Apple CEO Tim Cook made a rare public appeal for gay rights and for an end to racial and gender discrimination as he made an acceptance speech for a lifetime achievement award from his alma mater, Auburn University.
Cook, who has not publicly come out but is widely believed to be gay, has become increasingly vocal about promoting equal rights in the workplace. Out Magazine, a leading publication dealing with lesbian, gay, bisexual and transgender (LGBT) issues, has named Cook the most powerful LGBT person in the world on its ‘power 50’ list for the past three years.
In the speech delivered last week in New York, the 53-year-old Cook encouraged audience members to pressure members of Congress to support passage of the Employment Non-Discrimination Act (ENDA), a measure Cook had earlier supported in a Wall Street Journal editorial.
“These values have also recently guided us to support legislation that demands equality and non-discrimination for all employees, no matter who you love,” Cook said during the speech. “I have long believed in this, and Apple has implemented protections for employees even when the laws did not. Now is the time to write these basic principles of human dignity into the book of law.”
Supporters of the controversial legislation say ENDA would protect LGBT workers by prohibiting companies with 15 or more employees from discriminating in hiring and firing practices on the basis of sexual orientation or gender identity.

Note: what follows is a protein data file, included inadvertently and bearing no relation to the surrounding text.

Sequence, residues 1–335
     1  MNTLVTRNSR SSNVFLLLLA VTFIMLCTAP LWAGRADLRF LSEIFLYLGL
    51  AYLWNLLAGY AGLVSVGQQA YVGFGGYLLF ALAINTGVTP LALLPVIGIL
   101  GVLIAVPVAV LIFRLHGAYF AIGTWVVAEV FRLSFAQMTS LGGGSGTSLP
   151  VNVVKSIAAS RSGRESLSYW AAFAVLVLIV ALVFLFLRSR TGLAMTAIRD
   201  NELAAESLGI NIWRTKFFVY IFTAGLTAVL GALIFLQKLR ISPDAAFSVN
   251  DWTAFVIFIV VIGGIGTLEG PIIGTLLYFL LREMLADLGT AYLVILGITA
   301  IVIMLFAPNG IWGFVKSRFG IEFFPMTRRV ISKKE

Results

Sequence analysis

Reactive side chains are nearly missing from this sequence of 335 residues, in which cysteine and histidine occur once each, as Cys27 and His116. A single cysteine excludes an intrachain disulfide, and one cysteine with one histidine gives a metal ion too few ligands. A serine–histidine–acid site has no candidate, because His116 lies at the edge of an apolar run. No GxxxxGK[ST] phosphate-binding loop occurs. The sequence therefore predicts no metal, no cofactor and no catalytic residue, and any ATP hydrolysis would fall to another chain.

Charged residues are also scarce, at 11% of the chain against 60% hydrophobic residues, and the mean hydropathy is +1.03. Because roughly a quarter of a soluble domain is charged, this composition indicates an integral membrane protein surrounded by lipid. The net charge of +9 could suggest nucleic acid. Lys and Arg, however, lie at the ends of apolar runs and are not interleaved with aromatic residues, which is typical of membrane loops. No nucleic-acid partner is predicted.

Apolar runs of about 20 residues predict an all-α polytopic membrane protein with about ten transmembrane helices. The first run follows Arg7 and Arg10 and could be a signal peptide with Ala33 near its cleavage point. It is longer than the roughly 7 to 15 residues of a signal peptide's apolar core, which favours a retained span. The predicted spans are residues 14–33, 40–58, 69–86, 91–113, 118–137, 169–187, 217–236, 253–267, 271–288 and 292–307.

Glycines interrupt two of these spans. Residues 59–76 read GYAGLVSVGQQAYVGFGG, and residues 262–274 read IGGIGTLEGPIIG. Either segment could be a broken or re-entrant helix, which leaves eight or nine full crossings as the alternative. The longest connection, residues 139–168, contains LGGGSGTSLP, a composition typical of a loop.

Opponents say the law is unnecessary because federal statutes already prohibit workplace discrimination, and because a majority of private companies already have policies prohibiting it. Critics also say the law as it is currently written is too broad, and it would lead to frivolous lawsuits alleging discrimination from people who may be passed over for a job or promotion, or who are terminated.
According to the Human Rights Campaign, a nonprofit gay rights organization that supports ENDA, 29 states have no law prohibiting workplace discrimination based on sexual orientation, and 33 states have no law barring discrimination based on gender identity.
Cook also discussed ending racial discrimination, reflecting on when he personally witnessed a cross-burning as a child. He said the event changed his life forever.
“For me the cross-burning was a symbol of ignorance, of hatred, and a fear of anyone different than the majority," said Cook. "I could never understand it, and I knew then that America's and Alabama's history would always be scarred by the hatred that it represented."
“Never allow the majority to limit the rights of the minority,” he said. “Never allow people who fear anyone different from themselves to limit others human rights or deny others human dignity.”
He also expressed support for an overhaul of the nation’s immigration system, calling on lawmakers to pass reforms not because “they are economically sound – although they are. Do them because they are right and just.”
Readers can watch the full speech here.